• Andrew Skinner

When are items subject to US Export Controls (Export Administration Regulations)?

United States (US) export control law imposes licensing requirements on items (including goods, software and technology) controlled by the US Export Administration Regulation ('subject to the EAR'). Items are ‘subject to the EAR’ when:

a. Located in the US, including in a US Foreign Trade Zone or moving in transit through the US from one foreign country to another;

b. Of US origin (i.e. made or created in the United States), irrespective of location (i.e. if items are of US origin then they are 'subject to the EAR' in any subsequent foreign country following export from the US).

c. A foreign made item containing more than the de-minimis amount of controlled US origin content. The general de-minimis rule is 25% controlled US origin content by value, but less in certain circumstances.

d. A foreign made item is the direct product of US technology or software controlled for national security (NS) reasons in the US Commerce Control List (CCL), and the foreign made item is also classified in the CCL and controlled for NS reasons;

e. A foreign made item is the direct product of a complete plant or any major component of a plant, when that plant or component is the direct product of US origin technology or software that is controlled for NS reasons in the CCL, and the resulting items are also controlled for NS reasons;

f. A foreign made item is the direct product of US technology or software, or a complete plant or any major component of a plant, when that plant or component is the direct product of US origin technology or software of specified Export Control Classification Number's (ECCN’s) in the categories of Electronics, Computers and Telecommunications when destined for specially designated entities as described in footnote 1 to Supplement No. 4 to Part 744 of the EAR (Entity List). Huawei Technologies Co. Ltd. and 114 of its non-US affiliates are currently the only entities specially designated in footnote 1.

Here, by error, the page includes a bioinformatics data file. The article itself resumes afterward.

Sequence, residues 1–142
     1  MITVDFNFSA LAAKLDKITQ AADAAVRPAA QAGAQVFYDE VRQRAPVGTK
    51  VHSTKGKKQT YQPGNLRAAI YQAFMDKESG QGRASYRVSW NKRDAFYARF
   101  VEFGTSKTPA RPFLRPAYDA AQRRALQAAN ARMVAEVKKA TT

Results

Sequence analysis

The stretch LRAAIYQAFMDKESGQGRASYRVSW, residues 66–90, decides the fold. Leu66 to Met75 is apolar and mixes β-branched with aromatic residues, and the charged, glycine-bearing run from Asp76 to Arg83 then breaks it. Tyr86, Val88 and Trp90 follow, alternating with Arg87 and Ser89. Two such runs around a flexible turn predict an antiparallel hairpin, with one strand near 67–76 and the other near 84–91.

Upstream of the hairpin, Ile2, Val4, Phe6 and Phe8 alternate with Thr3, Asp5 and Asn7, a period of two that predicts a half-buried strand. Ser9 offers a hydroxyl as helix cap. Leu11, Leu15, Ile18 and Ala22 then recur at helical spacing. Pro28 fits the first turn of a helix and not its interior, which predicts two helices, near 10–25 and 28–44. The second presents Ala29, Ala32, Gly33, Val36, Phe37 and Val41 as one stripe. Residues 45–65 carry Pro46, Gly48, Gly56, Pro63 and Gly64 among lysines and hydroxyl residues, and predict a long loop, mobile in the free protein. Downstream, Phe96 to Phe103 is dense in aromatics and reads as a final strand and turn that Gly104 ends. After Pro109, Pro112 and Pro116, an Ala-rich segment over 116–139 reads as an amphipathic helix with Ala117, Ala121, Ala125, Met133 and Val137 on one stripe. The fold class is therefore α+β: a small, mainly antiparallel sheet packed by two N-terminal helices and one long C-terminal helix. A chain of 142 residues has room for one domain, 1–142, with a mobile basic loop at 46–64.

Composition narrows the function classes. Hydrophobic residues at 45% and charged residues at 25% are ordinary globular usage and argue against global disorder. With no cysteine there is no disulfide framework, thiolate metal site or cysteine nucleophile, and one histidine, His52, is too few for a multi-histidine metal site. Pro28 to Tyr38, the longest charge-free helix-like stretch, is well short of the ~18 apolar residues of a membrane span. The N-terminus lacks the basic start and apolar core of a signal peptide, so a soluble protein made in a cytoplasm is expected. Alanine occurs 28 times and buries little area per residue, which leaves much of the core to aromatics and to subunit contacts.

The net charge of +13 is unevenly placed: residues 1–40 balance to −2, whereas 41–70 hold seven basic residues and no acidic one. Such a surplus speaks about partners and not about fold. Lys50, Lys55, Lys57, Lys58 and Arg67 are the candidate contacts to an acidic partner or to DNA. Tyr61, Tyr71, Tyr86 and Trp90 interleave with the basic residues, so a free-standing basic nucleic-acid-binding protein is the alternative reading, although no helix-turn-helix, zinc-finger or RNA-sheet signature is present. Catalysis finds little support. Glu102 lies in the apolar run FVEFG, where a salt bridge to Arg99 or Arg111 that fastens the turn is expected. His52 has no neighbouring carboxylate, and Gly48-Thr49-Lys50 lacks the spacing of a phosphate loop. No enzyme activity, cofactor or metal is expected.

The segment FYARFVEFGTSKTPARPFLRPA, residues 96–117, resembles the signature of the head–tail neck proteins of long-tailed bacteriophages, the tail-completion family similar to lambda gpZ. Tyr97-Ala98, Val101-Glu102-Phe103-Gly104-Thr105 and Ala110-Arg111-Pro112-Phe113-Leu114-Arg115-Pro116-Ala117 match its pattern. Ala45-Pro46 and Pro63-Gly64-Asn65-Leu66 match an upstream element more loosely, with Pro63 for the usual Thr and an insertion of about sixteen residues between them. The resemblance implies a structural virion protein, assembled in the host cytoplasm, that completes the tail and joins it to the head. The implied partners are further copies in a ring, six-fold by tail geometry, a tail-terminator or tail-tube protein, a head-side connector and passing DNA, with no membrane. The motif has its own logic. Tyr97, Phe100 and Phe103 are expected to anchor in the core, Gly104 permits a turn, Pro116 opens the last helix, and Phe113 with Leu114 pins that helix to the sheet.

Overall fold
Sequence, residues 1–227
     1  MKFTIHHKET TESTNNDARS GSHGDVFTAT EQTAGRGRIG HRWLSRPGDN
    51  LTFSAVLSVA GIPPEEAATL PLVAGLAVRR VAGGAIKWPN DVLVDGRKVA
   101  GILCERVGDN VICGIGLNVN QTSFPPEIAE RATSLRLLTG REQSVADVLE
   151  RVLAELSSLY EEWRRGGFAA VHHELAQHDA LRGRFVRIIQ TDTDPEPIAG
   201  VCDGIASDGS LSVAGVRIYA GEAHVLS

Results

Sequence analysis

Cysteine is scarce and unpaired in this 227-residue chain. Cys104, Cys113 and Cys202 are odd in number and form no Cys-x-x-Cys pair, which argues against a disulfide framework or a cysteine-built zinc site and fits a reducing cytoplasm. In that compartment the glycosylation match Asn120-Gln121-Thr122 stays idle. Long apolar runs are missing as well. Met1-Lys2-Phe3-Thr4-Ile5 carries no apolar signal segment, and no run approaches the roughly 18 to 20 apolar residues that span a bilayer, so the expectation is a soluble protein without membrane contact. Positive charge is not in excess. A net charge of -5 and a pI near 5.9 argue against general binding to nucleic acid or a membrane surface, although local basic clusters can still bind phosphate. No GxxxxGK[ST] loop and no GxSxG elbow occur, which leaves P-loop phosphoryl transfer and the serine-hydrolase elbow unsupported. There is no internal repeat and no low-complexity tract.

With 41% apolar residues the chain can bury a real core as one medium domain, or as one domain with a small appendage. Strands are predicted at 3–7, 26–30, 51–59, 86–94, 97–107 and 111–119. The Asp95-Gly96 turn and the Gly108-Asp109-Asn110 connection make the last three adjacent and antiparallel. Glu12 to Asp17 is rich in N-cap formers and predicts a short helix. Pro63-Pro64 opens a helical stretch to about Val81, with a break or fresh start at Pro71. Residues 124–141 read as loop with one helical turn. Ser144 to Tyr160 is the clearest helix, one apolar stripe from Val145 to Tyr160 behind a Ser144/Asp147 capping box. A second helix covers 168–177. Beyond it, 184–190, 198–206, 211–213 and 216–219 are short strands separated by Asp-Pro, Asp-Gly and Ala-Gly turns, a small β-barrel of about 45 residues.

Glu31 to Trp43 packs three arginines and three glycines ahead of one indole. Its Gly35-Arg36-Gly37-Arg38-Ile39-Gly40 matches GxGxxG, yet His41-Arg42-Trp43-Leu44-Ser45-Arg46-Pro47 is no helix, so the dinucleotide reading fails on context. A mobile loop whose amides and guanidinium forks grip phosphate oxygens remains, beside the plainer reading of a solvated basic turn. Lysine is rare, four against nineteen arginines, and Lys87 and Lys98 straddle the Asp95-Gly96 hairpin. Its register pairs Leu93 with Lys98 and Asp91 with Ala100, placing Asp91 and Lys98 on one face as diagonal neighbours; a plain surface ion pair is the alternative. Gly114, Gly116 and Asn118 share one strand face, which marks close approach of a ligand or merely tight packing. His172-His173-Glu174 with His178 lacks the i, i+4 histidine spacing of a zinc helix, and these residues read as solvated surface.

As an example: Basic electronic components (EAR99) purchased from a distributor in the US by a UK reseller could not be supplied to a manufacturer located in the UK, where that manufacturer is a listed US denied party and shown on the US Entity List, unless with prior licence approval from US BIS. However, it is highly unlikely that US BIS would grant a licence for a listed entity, as there is a general policy of licence denial for nearly all Entity List entries.


These controls may therefore result in foreign (non US) exporters having to consider export control laws and licensing requirements of the United States, as well as those laws of their own country.


Failure to comply with US sanctions and export control laws may result in criminal or civil penalties as well as denial of export privileges, revocation of US export licenses, secondary sanctions etc....

  • Criminal penalties can include up to 20 years of imprisonment and up to $1 million in fines per violation, or both.

  • Civil penalties for failing to comply with the Export Administration Regulations (EAR) can reach the greater of $300,000 in fines, or twice the transaction value, per violation.


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